How To Save Money With Your New Wood Burners

There are numerous ways in which a wood burner stove could help you save your hard-earned pennies. 

There’s something so lovely and comforting about having a roaring fire in the hearth, especially at this time of year when it’s a bit cold, dank and miserable outside, and we’ve left the hilarity and fun of Christmas well and truly behind us.


But that’s not the only benefit of having a wood burner installed in your Staffordshire home… in fact, far from it! Consumer watchdog Which? has just taken it upon itself to ask people who already have multi-fuel and wood-burning stoves whether or not it helped them save cash on their energy bills – and the good news is that you could benefit in a similar way!

Interestingly, there are numerous ways in which this kind of stove could help you save your hard-earned pennies. For example, you can use free wood that you collect yourself, which would be the cheapest way to keep the home
fires burning. You can forage this from local parks or woods, your own garden, family members’ houses or even ask companies if they have any wood they’re planning on binning.

Some 39 per cent of survey respondents said that they used wood from their garden to stoke the fires, but dried it out first. And 25 per cent said they collected it from parks and woods, also drying it out. Advice from Which? is to make sure that you do dry the wood out before you use it as burning wet wood is inefficient, because it takes more energy to burn the water off first. It could also mean more soot builds up in the chimney and stove itself.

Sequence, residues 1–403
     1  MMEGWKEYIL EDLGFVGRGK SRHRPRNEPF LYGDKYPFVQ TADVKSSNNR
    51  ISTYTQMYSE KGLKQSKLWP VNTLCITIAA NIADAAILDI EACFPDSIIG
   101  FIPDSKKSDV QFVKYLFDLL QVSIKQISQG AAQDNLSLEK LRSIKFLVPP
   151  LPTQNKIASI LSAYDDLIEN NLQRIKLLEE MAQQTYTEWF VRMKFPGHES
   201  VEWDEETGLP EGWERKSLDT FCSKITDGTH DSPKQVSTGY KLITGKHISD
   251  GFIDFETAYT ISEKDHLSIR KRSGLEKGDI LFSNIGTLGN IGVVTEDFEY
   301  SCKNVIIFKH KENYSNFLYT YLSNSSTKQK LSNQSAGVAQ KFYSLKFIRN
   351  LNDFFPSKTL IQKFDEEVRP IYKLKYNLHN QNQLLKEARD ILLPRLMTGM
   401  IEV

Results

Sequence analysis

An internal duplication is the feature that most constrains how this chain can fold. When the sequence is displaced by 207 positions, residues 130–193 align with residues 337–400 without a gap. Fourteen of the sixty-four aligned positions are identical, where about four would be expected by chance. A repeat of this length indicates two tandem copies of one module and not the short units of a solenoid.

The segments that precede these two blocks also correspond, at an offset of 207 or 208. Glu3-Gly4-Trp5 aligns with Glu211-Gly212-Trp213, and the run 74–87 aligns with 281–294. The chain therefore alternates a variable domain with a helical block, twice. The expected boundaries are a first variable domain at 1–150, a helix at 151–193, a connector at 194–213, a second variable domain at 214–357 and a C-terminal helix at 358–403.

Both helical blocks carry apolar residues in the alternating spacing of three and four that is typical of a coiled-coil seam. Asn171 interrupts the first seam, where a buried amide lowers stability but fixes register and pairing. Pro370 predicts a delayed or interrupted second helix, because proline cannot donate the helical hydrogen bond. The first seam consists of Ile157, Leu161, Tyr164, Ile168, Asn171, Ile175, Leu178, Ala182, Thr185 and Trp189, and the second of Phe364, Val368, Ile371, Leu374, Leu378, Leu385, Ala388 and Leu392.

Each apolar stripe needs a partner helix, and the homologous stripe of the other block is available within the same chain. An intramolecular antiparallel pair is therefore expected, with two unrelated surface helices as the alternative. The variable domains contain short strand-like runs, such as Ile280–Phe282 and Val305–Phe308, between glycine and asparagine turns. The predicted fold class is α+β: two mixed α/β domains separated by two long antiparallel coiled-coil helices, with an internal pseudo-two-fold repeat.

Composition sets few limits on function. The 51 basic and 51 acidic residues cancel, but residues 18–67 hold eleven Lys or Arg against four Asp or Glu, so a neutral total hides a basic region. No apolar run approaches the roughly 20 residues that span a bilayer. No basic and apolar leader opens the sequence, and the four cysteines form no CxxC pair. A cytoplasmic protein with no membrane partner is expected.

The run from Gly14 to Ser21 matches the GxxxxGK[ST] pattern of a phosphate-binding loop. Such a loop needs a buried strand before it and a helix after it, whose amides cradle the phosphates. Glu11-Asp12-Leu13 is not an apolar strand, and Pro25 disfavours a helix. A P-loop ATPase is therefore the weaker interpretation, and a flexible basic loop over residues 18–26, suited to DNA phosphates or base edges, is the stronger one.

Further advice from the watchdog to help you get the most out of your new stove includes knowing how to use your fire properly. You should know how to start it and how to control it so that you can burn your fuel as efficiently as possible.

Turning the heating off was also suggested, since the fire will be kicking out the heat you need to make the room it’s in nice and cosy. Setting your other radiators to low is a good idea so they can keep the rest of the house warm as well.

Interestingly, the survey found that people with wood-burning stoves said they saved more on their energy bills than those with multi-fuel products so factor this into your buying decision if you’re yet to get your own stove. 

Think about efficiency as well – you might like the idea of an open fire in the hearth but this option is more wasteful than having a wood burner. With an open fire, the majority of the heat goes up the chimney so you may use a similar amount of fuel but not reap the same benefits that you would if you had a wood burner in place instead.

If you’d like further help or advice, get in touch with the Norton Canes team today.

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